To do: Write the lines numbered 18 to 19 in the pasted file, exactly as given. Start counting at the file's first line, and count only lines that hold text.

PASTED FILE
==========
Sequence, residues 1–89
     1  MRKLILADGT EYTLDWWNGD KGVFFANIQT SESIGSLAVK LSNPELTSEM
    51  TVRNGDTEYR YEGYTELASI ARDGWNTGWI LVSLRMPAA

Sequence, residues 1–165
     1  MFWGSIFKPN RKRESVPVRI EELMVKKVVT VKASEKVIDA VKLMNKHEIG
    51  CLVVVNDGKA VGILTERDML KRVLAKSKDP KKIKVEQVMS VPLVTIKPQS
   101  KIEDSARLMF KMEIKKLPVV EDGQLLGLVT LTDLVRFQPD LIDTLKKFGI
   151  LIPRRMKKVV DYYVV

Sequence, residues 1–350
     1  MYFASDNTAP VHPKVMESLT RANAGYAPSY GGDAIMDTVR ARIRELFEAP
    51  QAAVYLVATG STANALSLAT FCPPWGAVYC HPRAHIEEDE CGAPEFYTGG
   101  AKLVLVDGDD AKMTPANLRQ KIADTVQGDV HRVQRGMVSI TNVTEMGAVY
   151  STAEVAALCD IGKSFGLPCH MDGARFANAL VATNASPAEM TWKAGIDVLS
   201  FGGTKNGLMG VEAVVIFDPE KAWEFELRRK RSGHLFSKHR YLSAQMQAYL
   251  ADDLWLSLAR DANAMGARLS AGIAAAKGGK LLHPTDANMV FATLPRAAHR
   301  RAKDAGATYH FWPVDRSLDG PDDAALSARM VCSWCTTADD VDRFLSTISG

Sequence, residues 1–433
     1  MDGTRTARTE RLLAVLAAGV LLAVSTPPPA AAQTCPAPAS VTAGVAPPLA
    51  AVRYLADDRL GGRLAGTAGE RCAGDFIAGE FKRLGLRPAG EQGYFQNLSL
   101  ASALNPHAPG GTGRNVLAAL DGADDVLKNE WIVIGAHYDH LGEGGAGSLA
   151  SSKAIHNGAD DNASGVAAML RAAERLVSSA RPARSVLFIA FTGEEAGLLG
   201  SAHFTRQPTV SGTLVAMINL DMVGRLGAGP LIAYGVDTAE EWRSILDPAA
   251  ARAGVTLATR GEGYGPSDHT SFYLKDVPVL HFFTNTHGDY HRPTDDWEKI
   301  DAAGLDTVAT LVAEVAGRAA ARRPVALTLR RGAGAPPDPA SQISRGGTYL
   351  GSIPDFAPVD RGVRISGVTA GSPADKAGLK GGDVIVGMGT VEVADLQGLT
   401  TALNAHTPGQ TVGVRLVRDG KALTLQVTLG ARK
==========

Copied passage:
     1  MDGTRTARTE RLLAVLAAGV LLAVSTPPPA AAQTCPAPAS VTAGVAPPLA
    51  AVRYLADDRL GGRLAGTAGE RCAGDFIAGE FKRLGLRPAG EQGYFQNLSL